Shocking rise in child neglect cases

The NSPCC says more children are being left home alone while parents go drinking Credit: PA

The NSPCC has revealed a shocking rise in child neglect cases in our region and says it is dealing with 18 reports every week

The NSPCC Helpline referred 927 cases to police and social services in the North East & Cumbria following calls or emails from concerned adults in the 2016-17 period.

It is the highest number the charity has ever had to handle from the region– up 128 per cent in five years.

In addition there has been over the past five years a total of 507 contacts where advice was provided about a child possibly facing neglect in the North East & Cumbria.

A growing number of people contacting the NSPCC Helpline regarding parents with alcohol and drugs problems, with some of them regularly leaving their children unsupervised so they could go drinking with friends.

The children are home alone again; I saw the mother leave the house earlier this morning and its past midnight now. I’ve seen the children peer through the curtains a few times as if they’re waiting for her. She does this every Friday night to go out drinking with her mates. I’m really confused about what to do as I don’t want to ruin the relationship with the mother as we are neighbours but at the same time I am really worried about the children. What should I do?

Neighbour's call to NSPCC helpline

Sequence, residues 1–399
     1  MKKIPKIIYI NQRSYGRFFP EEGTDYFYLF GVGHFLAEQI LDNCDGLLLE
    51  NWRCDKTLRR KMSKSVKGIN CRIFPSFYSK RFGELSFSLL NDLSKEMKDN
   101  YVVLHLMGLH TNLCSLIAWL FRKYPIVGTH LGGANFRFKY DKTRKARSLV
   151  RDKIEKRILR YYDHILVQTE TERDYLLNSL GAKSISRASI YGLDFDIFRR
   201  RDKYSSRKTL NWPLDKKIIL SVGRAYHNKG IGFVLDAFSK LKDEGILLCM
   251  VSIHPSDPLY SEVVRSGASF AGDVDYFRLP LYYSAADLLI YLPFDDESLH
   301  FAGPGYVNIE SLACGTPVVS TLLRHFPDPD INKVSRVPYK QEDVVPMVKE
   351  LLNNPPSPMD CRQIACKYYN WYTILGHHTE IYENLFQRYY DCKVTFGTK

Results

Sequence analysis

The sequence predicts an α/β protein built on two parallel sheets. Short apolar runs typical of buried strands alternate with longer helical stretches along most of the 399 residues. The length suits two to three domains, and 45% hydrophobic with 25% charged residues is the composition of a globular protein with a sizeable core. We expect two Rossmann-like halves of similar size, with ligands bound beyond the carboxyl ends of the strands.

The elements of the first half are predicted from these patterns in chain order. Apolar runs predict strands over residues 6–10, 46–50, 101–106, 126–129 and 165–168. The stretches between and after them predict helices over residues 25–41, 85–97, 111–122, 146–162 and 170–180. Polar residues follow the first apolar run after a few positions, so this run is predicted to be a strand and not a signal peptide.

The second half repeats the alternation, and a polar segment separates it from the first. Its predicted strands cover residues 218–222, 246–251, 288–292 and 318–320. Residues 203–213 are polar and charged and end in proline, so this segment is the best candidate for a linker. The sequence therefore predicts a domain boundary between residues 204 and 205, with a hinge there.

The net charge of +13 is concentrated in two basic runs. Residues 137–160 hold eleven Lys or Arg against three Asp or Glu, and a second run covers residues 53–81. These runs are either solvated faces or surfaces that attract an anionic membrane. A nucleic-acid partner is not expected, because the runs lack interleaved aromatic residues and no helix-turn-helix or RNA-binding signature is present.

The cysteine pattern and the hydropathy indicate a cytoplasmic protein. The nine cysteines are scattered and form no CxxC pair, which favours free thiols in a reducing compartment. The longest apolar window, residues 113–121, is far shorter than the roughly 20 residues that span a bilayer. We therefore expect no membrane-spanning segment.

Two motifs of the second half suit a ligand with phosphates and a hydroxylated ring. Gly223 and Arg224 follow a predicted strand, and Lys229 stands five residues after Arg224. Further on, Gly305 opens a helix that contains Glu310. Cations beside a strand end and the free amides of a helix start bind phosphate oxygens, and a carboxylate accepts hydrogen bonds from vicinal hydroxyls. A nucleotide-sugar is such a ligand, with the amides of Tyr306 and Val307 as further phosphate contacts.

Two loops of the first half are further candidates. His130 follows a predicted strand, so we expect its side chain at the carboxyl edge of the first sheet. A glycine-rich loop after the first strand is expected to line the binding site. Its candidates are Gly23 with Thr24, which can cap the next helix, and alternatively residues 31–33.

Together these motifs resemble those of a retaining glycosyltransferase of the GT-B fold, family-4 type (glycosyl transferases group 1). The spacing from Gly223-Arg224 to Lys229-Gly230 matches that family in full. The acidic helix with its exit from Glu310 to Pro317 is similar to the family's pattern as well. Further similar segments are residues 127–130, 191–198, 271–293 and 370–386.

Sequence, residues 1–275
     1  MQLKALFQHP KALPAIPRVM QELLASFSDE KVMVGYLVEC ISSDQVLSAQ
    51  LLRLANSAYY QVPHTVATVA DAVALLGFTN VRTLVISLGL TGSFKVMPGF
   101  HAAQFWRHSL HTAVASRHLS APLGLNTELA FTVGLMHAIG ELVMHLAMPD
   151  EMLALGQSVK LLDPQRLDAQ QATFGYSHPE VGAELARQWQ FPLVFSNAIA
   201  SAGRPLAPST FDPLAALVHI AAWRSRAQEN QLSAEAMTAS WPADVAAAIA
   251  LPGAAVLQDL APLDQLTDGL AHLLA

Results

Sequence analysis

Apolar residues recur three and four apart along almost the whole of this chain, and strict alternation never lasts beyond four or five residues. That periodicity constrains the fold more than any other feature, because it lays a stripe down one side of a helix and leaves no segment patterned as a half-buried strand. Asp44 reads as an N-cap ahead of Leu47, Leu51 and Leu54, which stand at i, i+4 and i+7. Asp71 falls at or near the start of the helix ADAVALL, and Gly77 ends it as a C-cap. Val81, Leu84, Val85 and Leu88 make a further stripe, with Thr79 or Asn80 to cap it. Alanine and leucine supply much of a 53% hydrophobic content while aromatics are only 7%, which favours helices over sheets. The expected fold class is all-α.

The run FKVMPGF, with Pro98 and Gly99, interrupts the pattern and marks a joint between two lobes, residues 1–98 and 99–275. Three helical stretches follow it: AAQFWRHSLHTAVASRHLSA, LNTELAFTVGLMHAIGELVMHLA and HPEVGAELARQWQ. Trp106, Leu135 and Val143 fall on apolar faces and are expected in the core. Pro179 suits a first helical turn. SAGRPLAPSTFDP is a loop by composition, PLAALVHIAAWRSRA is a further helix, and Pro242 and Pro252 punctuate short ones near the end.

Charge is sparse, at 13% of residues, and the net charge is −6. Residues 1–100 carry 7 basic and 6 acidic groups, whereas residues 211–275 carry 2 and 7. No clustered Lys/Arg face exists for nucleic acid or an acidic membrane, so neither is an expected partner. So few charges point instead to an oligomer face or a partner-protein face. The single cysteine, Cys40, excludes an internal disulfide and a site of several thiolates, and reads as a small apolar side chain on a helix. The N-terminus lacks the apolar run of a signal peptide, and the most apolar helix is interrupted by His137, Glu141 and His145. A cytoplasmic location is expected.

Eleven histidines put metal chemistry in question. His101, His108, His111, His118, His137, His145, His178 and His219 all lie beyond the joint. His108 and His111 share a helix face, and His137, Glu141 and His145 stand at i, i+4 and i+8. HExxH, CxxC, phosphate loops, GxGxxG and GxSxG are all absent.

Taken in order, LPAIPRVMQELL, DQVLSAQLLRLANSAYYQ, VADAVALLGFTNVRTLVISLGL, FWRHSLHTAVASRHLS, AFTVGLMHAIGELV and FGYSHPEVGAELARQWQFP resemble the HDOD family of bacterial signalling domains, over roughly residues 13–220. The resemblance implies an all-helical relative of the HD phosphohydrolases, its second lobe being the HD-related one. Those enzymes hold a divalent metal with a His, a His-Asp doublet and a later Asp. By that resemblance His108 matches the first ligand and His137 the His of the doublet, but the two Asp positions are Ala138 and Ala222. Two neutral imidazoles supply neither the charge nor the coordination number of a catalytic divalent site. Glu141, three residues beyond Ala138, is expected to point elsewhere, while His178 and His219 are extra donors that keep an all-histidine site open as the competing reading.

The NSPCC believes the full scale of the problem could be much greater and is urging the Government to commission a nationwide study that measures the extent of child neglect and abuse in the UK.

Common signs and symptoms adults may notice in a child who is being neglected include:

  • Poor appearance and hygiene, they may be smelly or have unwashed clothes

  • Living in an unsuitable home environment for example dog mess being left or not having any heating

  • Left alone for a long time

  • Untreated injuries, medical and dental issues; they may have skin sores, rashes, flea bites, scabies or ringworm

  • Poor language, communication or social skills

  • Seem hungry or turn up to school without having breakfast or any lunch money

Peter Wanless, Chief Executive of the NSPCC said: “Neglect can have severe and long-lasting consequences for children, and can also be an indicator of other forms of abuse. This is why it is so important for anyone suspecting a child of being neglected to contact the NSPCC Helpline, so we can alert the authorities to quickly step in and help those in need. “